The Truth About Melatonin And Babies

We have all heard the stereotypes and the jokes about babies not sleeping very well for their first few months and how that basically means that the parents don’t sleep for that time period as well. Have you ever stopped to ask yourself why babies don’t sleep for long periods of time after they are born? Or, more specifically, why they seem to have no awareness of or adherence to our natural night time cycle of getting tired at night and getting more awake during the day? 

Well, that is due in part to the fact that unlike adults, newborns cannot physically produce melatonin in their bodies. Melatonin is a special hormone that our brains produce and release into our bloodstream at night that helps us feel tired and want to start the process of going to sleep. Without that hormone, it is very difficult to fall asleep or to even feel tired at night, which is why babies seem to be just as active in their sleep/wake/feed patterns at 2am as they are at 2pm. 

In today’s article, we’re going to explore a little more about this magical sleep hormone and how you can take steps as a parent to encourage your infant to get into a proper circadian rhythm that will help them be able to sleep longer and more soundly during the night time. 

How Can Babies/Infants Safely Get Melatonin?

Even though they can’t produce it yet themselves, they do still benefit from receiving small amounts of melatonin naturally in a few key ways. During the first three or four months of life after birth, babies can’t produce their own melatonin, so they tend to get it from their mother’s breast milk, which contains trace amounts of the hormone. Other than that, babies should not be given melatonin in any other form unless under strict guidance from your child’s physician! This also goes for older babies and toddlers. There are other ways that are much more appropriate to improve sleep for your child.

How To Help Set Your Child’s Circadian Rhythm

It is really important to help set the circadian rhythm early on (which is why establishing a routine, regular feeds and not allowing the baby to reverse cycle are so important) because this will in turn really help the baby to start regulating and producing melatonin. Setting your child’s circadian rhythm can be tricky, but here are some quick tips to get it going:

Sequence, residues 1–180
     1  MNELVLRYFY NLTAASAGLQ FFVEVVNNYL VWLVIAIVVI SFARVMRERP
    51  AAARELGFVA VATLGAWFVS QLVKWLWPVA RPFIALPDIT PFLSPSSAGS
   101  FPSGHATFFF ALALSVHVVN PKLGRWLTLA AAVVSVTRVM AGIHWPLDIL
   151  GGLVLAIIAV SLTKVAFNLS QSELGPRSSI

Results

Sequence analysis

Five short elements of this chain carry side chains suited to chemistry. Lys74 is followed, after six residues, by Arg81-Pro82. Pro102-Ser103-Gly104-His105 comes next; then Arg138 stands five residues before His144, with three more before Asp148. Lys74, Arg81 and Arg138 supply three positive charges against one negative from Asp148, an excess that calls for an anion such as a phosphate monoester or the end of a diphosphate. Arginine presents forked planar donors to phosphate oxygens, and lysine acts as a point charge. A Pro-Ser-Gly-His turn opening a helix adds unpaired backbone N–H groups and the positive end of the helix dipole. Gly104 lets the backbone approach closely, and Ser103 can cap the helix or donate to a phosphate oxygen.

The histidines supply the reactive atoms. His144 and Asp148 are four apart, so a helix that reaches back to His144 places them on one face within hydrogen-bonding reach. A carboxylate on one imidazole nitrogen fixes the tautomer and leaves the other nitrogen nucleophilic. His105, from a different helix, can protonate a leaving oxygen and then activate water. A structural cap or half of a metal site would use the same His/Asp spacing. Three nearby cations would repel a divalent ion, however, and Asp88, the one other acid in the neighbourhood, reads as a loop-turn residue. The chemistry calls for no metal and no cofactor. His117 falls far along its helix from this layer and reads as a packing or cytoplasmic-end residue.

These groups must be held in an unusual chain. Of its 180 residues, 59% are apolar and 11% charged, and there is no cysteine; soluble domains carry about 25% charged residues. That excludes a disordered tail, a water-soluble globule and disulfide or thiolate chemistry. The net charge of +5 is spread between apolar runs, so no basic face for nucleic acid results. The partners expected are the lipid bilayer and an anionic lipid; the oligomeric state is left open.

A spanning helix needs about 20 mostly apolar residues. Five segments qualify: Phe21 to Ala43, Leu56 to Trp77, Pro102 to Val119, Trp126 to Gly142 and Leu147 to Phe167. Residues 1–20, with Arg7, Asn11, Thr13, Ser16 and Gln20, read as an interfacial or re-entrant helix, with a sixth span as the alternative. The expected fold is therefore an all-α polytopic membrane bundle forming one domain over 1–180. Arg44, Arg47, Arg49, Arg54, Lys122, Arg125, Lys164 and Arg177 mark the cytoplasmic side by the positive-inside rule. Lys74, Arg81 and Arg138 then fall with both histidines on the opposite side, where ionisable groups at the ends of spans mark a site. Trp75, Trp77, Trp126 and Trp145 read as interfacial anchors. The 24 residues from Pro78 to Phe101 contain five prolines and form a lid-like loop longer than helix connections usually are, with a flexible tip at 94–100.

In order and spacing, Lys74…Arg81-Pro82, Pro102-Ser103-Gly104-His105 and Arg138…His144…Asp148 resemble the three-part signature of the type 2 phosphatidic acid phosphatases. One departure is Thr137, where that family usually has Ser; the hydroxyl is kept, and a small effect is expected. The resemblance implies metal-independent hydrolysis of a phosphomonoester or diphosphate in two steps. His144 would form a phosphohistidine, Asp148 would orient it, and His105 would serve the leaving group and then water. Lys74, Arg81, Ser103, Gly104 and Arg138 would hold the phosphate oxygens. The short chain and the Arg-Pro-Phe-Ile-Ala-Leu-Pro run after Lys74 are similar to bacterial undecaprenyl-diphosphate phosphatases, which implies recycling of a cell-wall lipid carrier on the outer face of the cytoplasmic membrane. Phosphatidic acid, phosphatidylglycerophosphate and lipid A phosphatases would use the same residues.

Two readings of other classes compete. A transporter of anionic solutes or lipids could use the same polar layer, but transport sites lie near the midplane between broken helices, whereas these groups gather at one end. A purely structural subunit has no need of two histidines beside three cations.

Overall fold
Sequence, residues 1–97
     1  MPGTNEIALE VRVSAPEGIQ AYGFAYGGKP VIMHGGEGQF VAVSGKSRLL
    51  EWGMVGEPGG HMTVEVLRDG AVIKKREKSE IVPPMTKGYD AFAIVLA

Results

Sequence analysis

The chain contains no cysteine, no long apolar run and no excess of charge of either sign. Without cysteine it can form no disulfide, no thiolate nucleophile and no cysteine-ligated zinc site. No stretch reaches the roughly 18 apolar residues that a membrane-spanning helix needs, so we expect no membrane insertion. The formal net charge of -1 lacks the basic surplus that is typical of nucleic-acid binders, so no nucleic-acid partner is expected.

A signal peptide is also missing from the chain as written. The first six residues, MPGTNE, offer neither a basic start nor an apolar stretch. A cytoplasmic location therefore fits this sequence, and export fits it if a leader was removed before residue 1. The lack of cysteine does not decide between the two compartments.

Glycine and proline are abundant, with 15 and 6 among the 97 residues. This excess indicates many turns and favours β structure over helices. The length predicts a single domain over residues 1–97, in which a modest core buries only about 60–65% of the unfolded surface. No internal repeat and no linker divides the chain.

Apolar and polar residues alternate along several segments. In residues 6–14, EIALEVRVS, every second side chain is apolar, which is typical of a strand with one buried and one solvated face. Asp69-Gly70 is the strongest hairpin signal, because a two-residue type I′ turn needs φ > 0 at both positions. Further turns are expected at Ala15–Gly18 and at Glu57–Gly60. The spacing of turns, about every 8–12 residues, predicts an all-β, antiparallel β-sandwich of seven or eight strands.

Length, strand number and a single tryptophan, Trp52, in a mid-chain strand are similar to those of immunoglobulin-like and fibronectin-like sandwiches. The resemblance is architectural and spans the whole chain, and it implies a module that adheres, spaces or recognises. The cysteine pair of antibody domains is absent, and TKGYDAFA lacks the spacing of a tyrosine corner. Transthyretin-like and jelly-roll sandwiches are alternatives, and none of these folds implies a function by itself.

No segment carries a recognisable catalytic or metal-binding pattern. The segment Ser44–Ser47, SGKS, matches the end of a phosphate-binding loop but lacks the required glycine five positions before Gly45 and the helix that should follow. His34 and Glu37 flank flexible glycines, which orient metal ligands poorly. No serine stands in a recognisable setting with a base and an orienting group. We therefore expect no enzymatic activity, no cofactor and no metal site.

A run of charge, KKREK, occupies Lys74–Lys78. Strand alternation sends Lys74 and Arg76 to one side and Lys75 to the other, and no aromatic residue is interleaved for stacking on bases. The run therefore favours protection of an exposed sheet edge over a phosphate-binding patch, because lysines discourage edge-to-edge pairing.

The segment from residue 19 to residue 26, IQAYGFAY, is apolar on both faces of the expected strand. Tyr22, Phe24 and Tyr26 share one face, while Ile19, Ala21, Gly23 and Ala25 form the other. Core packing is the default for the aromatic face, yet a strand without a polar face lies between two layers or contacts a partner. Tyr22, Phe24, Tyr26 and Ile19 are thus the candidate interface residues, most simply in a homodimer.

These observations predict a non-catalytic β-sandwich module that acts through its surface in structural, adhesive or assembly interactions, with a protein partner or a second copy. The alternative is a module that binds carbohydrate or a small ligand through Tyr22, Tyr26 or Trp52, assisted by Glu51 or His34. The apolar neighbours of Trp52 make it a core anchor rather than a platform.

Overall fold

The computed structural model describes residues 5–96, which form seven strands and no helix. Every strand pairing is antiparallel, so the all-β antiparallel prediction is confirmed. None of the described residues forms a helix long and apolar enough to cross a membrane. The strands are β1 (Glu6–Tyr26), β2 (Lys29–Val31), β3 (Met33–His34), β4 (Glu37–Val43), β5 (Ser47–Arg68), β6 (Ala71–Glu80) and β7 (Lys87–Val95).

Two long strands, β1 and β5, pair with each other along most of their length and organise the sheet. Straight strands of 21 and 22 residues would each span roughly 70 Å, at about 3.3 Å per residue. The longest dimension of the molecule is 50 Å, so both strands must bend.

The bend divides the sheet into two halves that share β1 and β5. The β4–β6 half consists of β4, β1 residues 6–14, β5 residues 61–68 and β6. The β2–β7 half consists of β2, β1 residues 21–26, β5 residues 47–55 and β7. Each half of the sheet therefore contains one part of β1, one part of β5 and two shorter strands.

• Make sure that naps both during the day and night time are in a darkened and quiet area.
  • Limit light exposure prior to naps, especially at night time.
  • Limit screen exposure at night time.
  • During the morning, if it is safe and weather permits, take your child outside and expose them to some sunlight (direct or indirect is fine).
  • Expose baby to sunlight briefly during each wake period as well, between naps.
  • If you have to change or feed your baby during the night time, limit the number and intensity of lights you turn on while doing so. Try to keep a small flashlight with you or set up small table lamps that you can turn on briefly in order to get you the minimum amount of light you will need to complete your task and then turn it off. Try to avoid turning on harsh fluorescent lights during the night around your baby as that can trigger an awake response and throw off their circadian rhythm.

Before You Go
We hope you enjoyed learning about melatonin and its effects on the health of newborn babies. If you would like to know more about this, our sleep programs or any of our excellent newborn care services, we are happy to help. Just contact us and we can go over your options and help you find the best path for your little one. We hope these tips have helped you along your journey. If you have any questions about helping your baby to sleep better, or about your baby in general, please reach out to us HERE. We are experts in all things baby and sleep and would love to help!

If you have questions about your child, please don’t hesitate to contact us. We would love to help. Please reach out to us here! We always look forward to hearing from you.

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The content contained in this blog is for informational and educational purposes only. It is not intended as medical advice or to replace the advice of any medical professional. It is based on our opinions and experience working with newborns and their families. Other’s opinions may vary. It does not represent the views of any affiliated organizations. The reader understands that the term “Babynurse” is often a word used to describe a newborn caregiver. However, unless otherwise disclosed, we are not licensed nurses in any state. By reading and/or utilizing any information or suggestions contained in this blog, the reader acknowledges that we are not medical professionals and agrees to and waives any claim, known or unknown, past, present or future. This blog may contain affiliate links.
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